Tavares - Words and Music (Reissue) (2012)

Tavares
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By the time Tavares issued 1983's Words and Music, now being reissued by the FunkyTownGrooves label, it was a group on the ropes. In just five years, the five brothers from New Bedford, Massachusetts had gone from the toast of the R&B world -- labeled a "supergroup" by Rhythm & Blues magazine -- to becoming a low priority act down to its last swing at the plate on a mediocre label. The quintet had struggled on its final few albums on Capitol  Records (a company that had been very good to them during a 10 year relationship), and made the ill-advised 1982 decision to leave the label and long-time manager Brian Panella, signing with RCA's fledgling R&B division and the Jacksons' management team Weisner and DeMann.

By the time Tavares issued 1983's Words and Music, now being reissued by the FunkyTownGrooves label, it was a group on the ropes. In just five years, the five brothers from New Bedford, Massachusetts had gone from the toast of the R&B world -- labeled a "supergroup" by Rhythm & Blues magazine -- to becoming a low priority act down to its last swing at the plate on a mediocre label. The quintet had struggled on its final few albums on Capitol  Records (a company that had been very good to them during a 10 year relationship), and made the ill-advised 1982 decision to leave the label and long-time manager Brian Panella, signing with RCA's fledgling R&B division and the Jacksons' management team Weisner and DeMann.

The initial project under the new arrangement was New Directions, a creative head-scratcher that found the group teaming with the faltering Freddie Perren-led Grand Slam productions team (three years after that team's peak work with Gloria Gaynor and Peaches & Herb) and syrupy pop writer/producer Kenny Nolan ("I Like Dreaming").  The result was a combination of second tier dance cuts and tame pop ballads that did neither the group's legacy nor its future viability much good. However, the single "Penny For Your Thoughts" eeked into the Top 40 and even received a Grammy nomination, giving Tavares one more recording shot on RCA with Words and Music. Shockingly, the group doubled-down on the New Directions formula, bringing back Grand Slam and Nolan, while also boarding talent from the hot SOLAR label.  Unfortunately, while Tavares in 1978 would have received major attention from top producers, by 1983 they were getting the second team: Grand Slam leader Freddie Perren was nowhere to be found on Words, with protege Rick Wyatt taking the boards, and SOLAR star producer Leon Sylvers (the Whispers, Shalamar) only stopped by for a cup of coffee, leaving the heavy lifting to labelmate Dana Meyers.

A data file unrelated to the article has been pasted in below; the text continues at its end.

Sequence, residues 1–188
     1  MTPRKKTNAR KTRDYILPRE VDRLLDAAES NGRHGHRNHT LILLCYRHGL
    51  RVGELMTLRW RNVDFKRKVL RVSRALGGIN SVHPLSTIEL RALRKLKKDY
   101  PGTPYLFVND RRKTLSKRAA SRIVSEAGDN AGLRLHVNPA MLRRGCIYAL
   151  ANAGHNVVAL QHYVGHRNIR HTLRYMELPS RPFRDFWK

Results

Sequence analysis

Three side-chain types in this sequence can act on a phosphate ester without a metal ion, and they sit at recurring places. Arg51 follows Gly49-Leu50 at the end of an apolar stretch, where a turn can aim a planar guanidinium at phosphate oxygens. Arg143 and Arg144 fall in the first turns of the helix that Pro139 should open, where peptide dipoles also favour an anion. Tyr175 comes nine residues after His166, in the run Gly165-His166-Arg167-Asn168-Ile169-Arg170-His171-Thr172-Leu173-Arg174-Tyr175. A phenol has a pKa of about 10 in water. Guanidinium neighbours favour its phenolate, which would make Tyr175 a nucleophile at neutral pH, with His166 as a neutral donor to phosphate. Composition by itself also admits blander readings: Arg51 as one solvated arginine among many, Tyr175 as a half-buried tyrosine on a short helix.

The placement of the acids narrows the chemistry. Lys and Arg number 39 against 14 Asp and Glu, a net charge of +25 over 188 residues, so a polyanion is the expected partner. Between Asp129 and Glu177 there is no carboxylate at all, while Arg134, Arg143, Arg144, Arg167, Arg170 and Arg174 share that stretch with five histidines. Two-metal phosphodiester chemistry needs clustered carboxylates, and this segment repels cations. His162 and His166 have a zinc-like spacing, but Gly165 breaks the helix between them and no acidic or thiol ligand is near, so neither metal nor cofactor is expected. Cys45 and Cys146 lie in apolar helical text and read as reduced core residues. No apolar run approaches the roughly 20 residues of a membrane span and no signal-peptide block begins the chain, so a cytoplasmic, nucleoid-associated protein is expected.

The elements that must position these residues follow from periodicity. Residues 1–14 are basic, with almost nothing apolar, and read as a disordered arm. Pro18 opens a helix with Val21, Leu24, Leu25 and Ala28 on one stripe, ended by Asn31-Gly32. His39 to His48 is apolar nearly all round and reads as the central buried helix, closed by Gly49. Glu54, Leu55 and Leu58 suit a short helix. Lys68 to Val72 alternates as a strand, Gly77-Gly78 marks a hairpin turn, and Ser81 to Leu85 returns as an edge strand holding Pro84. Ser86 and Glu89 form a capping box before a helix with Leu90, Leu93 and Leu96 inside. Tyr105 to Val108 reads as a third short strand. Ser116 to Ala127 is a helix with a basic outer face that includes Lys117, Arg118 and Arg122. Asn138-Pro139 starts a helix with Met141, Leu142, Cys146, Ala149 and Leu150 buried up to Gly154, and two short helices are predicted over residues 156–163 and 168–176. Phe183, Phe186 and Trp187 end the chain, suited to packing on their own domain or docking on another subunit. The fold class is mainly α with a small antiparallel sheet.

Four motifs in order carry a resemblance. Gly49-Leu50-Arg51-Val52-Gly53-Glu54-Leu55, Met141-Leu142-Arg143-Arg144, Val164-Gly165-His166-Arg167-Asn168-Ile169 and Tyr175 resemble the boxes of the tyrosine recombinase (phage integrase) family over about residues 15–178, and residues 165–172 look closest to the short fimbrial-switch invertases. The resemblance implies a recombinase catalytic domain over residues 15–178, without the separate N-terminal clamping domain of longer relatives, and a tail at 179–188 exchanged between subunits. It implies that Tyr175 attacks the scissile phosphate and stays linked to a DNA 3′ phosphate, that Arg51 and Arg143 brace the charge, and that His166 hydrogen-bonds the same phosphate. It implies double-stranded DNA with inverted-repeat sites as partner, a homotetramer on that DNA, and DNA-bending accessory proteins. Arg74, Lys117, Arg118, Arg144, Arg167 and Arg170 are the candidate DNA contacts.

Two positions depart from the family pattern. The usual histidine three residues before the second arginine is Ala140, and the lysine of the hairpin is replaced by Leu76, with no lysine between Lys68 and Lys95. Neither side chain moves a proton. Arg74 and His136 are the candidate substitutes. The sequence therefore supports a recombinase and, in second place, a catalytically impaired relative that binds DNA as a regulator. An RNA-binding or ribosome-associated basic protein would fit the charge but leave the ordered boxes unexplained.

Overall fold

The album opened with Sylvers' one contribution, "Ten to One," a faceless, generic funk track that was a clear mismatch for the group and a surprisingly weak introduction to the disc. Meyers proved a much better fit, delivering the terrific dance number, "Deeper In Love" (Tavares' last R&B top 10 hit), as well as the edgy funk-rock number, "Caught Short," before closing side one with the enjoyable, if fairly typical, SOLAR midtempo, "(You're) My All In All." Unfortunately, the promise of Side One of the album evaporated soon after the flip. While Side Two opened with the treacly but tuneful title track (a ballad that became a moderate R&B charter and a surprising concert favorite), the three Rick Wyatt electronic dance contributions that followed were among the weakest tracks Tavares ever recorded -- and they have aged even worse. The LP then ended in a whimper via Nolan's forgettable pop ballad, "All In All." 

The repeated rap on Tavares was that it was a "producer's group," with the quintet's sound changing (sometimes startlingly) from disc to disc depending on the producer with whom the act teamed.  While that was an unfair label -- group members both wrote and produced at various times, particularly on the exceptional album Love Uprising -- it proved to be the case on Words and Music, a schizophrenic album that had three distinct approaches (two of them flawed) that make it frustratingly incongruous as a whole and an unfortunate closing to the career discography of one of the 70s most consistent recording acts. Words and Music is not an essential album by any means, but it has importance as the last major Tavares release. And despite the creative missteps on the disc, a Tavares album is a Tavares album because of the group's always terrific harmonies and alternating lead vocals, and the vocal performances on Words, along with Meyers' notable contributions, create just enough memorable moments to make the disc Mildly Recommended.

By Chris Rizik

 

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